DiffEq and SVector

Hello,

I’ve been rereading some of the docs and tutorials in SciML and in particular this https://tutorials.sciml.ai/html/introduction/03-optimizing_diffeq_code.html, and tried using StaticArrays as in the lorenz example, but on a problem of my own. In my case, the execution time went from about 70 ms using the modifying form with normal vectors, to about 300 ms using SVector. My problem has only 4 ODEs, and is needing about 22000 points to solve (mostly driven by a PeriodicCallback that fires 6000 times).

The solutions appear to be the same, but I do see a difference in the number of points saved, 22241 (modifying form) vs 22533 (SVector) which seems suspicious.

I’m not specifying the solver, but both report CompositeAlgorithm of Vern7, Rodas4 in the sol.alg field.

Due to proprietary stuff in my file I can’t just post it, so before I try to make an MWE I’ll try asking a couple of questions:

Have changes in Julia made the SVector optimization less valuable or possibly counterproductive?

Does the heavy use of PeriodicCallback do something that would cause this to backfire?

I’m using Julia 1.5.3 on Windows.

EDIT: The time point sets are generally different (other than those forced by the DiscreteCallback). I confirmed by all(isapprox(sol(t),sol2(t);atol=1e-6) for t ∈ 0.0:0.001:0.6) that the answers are equivalent to within the abstol I specified, but why would the change of mutating or not cause the simulation to take a (slightly) different path?

Thanks

Does SVector work for visualization?

I’m sorry, I don’t understand your question.

I am plotting the solution in either case, but I don’t see why changing the form of the ODE (modifying vector vs returning static vector) would affect the types in the solution object.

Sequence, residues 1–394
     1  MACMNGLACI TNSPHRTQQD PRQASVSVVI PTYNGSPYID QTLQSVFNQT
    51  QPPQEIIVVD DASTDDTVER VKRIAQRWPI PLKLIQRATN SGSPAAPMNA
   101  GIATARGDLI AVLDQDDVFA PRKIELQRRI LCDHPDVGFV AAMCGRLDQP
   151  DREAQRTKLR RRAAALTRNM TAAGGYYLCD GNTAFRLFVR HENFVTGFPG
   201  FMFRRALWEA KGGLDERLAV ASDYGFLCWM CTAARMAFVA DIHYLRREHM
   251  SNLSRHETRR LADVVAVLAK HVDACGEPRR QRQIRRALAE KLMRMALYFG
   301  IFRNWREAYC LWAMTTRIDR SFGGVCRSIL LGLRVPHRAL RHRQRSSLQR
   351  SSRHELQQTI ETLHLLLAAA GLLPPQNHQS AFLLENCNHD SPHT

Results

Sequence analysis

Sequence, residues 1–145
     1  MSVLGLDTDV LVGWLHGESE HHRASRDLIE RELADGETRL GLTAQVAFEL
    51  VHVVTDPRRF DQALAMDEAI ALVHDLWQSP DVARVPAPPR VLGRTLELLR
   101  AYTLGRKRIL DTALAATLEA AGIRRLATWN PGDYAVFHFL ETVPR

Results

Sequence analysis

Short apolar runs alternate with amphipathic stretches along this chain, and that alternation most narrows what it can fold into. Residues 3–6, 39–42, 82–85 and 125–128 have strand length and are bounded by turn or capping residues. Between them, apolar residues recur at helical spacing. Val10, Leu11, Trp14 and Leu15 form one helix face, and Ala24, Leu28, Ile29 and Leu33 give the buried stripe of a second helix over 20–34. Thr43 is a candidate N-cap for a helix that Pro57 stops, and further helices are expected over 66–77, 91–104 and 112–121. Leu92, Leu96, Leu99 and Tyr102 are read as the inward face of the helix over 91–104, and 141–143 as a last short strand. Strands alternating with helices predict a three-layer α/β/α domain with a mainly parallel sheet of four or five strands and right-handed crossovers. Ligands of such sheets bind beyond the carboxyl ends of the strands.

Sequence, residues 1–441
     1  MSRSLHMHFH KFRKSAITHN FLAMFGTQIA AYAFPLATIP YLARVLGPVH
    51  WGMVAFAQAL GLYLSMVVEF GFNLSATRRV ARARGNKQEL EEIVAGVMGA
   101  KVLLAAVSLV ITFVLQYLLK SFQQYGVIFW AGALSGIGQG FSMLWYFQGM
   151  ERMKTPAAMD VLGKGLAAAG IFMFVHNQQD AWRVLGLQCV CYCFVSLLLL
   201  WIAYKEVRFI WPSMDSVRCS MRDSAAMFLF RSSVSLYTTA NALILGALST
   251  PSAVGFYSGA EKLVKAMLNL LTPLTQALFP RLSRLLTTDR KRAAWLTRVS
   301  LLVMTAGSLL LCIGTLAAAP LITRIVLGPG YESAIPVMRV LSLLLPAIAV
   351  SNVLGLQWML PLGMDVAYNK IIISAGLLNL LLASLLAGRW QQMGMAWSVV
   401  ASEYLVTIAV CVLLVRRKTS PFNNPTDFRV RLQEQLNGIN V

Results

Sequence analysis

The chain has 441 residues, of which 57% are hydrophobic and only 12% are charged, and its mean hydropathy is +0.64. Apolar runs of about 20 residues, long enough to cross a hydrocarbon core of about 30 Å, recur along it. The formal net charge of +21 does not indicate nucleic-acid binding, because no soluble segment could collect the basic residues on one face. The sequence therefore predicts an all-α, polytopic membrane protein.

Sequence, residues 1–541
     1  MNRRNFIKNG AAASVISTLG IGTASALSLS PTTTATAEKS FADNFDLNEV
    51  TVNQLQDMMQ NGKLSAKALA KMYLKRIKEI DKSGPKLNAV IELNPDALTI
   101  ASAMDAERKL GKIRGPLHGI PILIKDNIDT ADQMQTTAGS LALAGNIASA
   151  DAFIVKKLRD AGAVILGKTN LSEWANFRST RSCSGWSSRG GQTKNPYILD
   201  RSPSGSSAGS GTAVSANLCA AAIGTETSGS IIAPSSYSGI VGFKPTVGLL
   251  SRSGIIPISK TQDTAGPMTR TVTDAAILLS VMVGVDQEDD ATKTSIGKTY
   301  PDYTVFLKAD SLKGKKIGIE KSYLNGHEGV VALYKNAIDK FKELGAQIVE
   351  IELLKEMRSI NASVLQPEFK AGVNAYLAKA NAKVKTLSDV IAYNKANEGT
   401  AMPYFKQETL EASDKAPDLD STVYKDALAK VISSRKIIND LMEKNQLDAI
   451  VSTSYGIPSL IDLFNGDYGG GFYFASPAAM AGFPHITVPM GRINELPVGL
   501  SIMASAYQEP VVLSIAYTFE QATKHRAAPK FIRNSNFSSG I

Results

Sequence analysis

nevermind, I was confused by the term SVector. Thinking of .svg

Theres a lot of information that I can’t glean from your post but that could have performance implications.

How large are the SVectors? Beyond a certain size they perform less efficiently then Array.

Also how type stable is the code? If you put SVectors into containers or use them as feilds in structs it can be easy to end up in a type unstable situation, for example:

# This is an array type which's eltype is not concrete, and so requires dispatch when you try to do things with elements from it
Array{SVector{3,Float64}}


# This should be used instead
Array{SArray{Tuple{3}, Float64, 1, 3}}

# A different way to do the above which may be easier.
const Float64x3 = typeof(SVector(0,0,0))
Array{Float64x3}

As usual in Julia, the best way to deal with types is to not mention them, when possible:

julia> using StaticArrays

julia> x = SVector(1, 2, 3);

julia> typeof(x)
SVector{3, Int64} (alias for SArray{Tuple{3}, Int64, 1, 3})

julia> x
3-element SVector{3, Int64} with indices SOneTo(3):
 1
 2
 3

julia> v = [x];   # make a Vector containing just `x`

julia> typeof(v)
Vector{SVector{3, Int64}} (alias for Array{SArray{Tuple{3}, Int64, 1, 3}, 1})

(The nice printing is from Julia 1.6.)

2 Likes

Floating point is non-associative and SIMD changes the results, so SVector giving more SIMD can definitely lead to a different floating point result.

I think to understand what’s going on here I’d need to get an MWE. This seems really in the weeds and not a high level issue.

1 Like

It’s a rather simple system - 4 scalar ODEs, so the SVector is 4 elements long.

I was worried about how the @SVector macro knew about types, so I switched from the macro form and declared them explicitly to be Float64s and it performed the same. I think the code should be type stable, u0, p, and t are all Float64s and the ODEs are pure math. The ODEs are fairly simple, the complex code is in my callback which has a bunch of rounding, clamping, stuff done in smaller integer sizes, but then the result of the callback is always a Float64 that gets stuffed into one of the parameters. That should be irrelevant to the SVectors, I’ll cut it out and do more comparisons tomorrow.

Ah, that makes sense. I’ll trim it down tomorrow.

The @SVector macro should be perfectly fine to use.

julia> using StaticArrays

julia> isconcretetype(SVector{3,Float64})
true

So the eltype of Array{SVector{3,Float64}} is concrete, although Array{SVector{3,Float64}} itself isn’t, because it’s missing the dimensionality of the array.

julia> isconcretetype(Array{SVector{3,Float64}})
false

julia> isconcretetype(Array{SVector{3,Float64},5})
true
2 Likes

MWE:

### A Pluto.jl notebook ###
# v0.12.16

using Markdown
using InteractiveUtils

# ╔═╡ 88d20350-3af7-11eb-0983-791f4579d925
begin
	using DifferentialEquations
	using StaticArrays
end

# ╔═╡ f2ce46b0-3af7-11eb-2a6a-4716734a17d5
function sim(odef)
	Δt = 0.1e-3
    u0 = [0.0, 0.0, 0.0, 0.0]
	p = [0.178,19.0,10.0,0.25,0.25,20.0,140e3,1.37e3,1.00e3,0.1e-6,0.5,10*1000e-12]
    tspan = (0.0, 0.1)
    prob = ODEProblem(odef, u0, tspan, p)